Procrastination is an interesting phenomena, it allows the temporary relief of your anxiety at the cost of experiencing more anxiety down the road. One procrastinates in order to avoid anxiety and in doing so causes more anxiety, so, one must procrastinate to push the anxiety off into the future which causes more anxiety—ad infinitum. This would be an unhealthy coping mechanism.

A healthy coping mechanism would be any sort of creative expression be it writing, drawing, music, or anything else. I’ve been drawing a lot recently. I’ve noticed that my creativity has skyrocketed, I’ve been drawing at any chance I can get, my skill has increased and because of that I’m enjoying it even more. I’ve also really enjoyed writing poetry for my Creative Writing class, oftentimes getting the work done in a timely manner. I work on my poems for quite a bit, I spend time editing them, fine-tuning them, and trying my best to express an emotional truth. I’ve found much fulfillment in both writing and drawing. I’ve also tainted these coping mechanisms with procrastination.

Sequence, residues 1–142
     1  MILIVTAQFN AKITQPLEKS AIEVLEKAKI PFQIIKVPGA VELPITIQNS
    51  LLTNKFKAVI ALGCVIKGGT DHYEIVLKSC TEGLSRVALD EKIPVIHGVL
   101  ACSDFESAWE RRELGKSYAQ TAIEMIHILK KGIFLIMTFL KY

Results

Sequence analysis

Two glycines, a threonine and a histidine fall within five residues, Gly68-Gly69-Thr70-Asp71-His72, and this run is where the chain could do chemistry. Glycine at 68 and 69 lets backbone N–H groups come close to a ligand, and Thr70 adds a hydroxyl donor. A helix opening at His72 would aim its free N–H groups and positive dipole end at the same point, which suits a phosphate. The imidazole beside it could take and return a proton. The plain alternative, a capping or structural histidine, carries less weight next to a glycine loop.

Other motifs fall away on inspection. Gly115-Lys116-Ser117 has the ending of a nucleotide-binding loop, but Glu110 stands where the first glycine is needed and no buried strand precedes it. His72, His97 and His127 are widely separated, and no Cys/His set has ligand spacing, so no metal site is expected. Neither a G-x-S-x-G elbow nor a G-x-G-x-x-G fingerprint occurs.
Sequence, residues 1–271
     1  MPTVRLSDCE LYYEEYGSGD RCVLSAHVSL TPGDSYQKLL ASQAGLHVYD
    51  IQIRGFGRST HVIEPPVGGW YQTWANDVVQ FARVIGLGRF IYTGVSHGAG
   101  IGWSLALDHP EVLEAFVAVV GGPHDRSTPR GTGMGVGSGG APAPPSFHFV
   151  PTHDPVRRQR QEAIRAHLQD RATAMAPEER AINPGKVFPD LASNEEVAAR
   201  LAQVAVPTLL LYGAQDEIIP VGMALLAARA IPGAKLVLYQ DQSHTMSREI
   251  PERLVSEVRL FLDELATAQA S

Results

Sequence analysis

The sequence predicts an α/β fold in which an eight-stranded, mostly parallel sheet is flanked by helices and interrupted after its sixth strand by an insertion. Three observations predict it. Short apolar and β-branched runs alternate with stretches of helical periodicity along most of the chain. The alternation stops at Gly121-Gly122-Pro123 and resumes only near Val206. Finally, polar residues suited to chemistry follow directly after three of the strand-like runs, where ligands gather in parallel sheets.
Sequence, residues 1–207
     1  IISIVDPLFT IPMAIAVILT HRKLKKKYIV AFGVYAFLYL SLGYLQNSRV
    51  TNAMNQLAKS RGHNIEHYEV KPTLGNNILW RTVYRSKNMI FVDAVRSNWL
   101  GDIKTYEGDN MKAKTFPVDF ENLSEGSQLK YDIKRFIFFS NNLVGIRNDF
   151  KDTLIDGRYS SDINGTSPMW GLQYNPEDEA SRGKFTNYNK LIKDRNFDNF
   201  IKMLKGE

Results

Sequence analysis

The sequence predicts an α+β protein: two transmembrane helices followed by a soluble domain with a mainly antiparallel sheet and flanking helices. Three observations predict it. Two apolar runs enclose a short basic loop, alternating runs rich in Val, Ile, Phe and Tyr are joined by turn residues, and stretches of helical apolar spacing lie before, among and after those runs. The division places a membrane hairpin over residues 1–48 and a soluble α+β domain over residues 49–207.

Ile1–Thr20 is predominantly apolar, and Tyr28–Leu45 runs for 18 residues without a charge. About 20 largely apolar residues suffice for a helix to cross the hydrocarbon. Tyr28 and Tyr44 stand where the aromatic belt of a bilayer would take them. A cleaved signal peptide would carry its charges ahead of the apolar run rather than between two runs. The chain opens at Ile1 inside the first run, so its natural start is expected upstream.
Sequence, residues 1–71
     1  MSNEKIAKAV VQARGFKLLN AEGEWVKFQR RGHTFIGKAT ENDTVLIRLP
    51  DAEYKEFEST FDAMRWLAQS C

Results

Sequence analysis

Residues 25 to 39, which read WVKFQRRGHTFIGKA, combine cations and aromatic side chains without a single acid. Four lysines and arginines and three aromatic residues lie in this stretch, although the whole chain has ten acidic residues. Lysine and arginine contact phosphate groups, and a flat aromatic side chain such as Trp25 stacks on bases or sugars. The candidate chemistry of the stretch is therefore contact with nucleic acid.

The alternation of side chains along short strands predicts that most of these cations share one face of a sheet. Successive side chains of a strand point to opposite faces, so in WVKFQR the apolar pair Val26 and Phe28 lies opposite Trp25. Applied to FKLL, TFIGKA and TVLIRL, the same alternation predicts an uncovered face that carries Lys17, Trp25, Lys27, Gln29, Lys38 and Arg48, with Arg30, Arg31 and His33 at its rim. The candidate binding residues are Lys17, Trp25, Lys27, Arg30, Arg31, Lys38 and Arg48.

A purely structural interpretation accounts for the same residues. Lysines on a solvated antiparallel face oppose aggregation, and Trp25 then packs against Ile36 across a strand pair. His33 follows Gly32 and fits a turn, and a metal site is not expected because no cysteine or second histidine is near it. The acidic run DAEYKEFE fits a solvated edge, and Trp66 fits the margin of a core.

After a while I noticed my other homework has piled up. My readings for my theory class are now waiting until the last minute. My essays are “due later” and I can’t be bothered to work on them now, there isn’t time for this sort of work… but there’s time for drawing and writing poetry? My healthy coping mechanisms have now become unhealthy.

My original blog post was going to be a comic adaptation of The Tempest. That’s not going to happen. The amount of time and effort to create a comic strip is staggering. I love comics, but I have homework. I love practicing drawing and writing, but I have homework. I can create the best comic adaptation of The Tempest that the whole world has ever seen—but that isn’t a priority.

I would say working a job is perhaps one of the toughest things to do while in school. I’ve been at the same job as a deli clerk at a supermarket for 3.5 years. When I wake up in the morning I feel very motivated to do my schoolwork. By the time I get home I have spent all of my working energy on… well, work. Working a low-wage, backbreaking job is draining and it has the potential to discourage even the most motivated from continuing their education and their pursuit of happiness. Just spend time on the priority. The priority is to do what you have to do to the best of your ability. Do not avoid your work, do not avoid your responsibilities, and know that when you rise to the call of action you will find an immense satisfaction which is a million times sweeter than anxiety is bitter.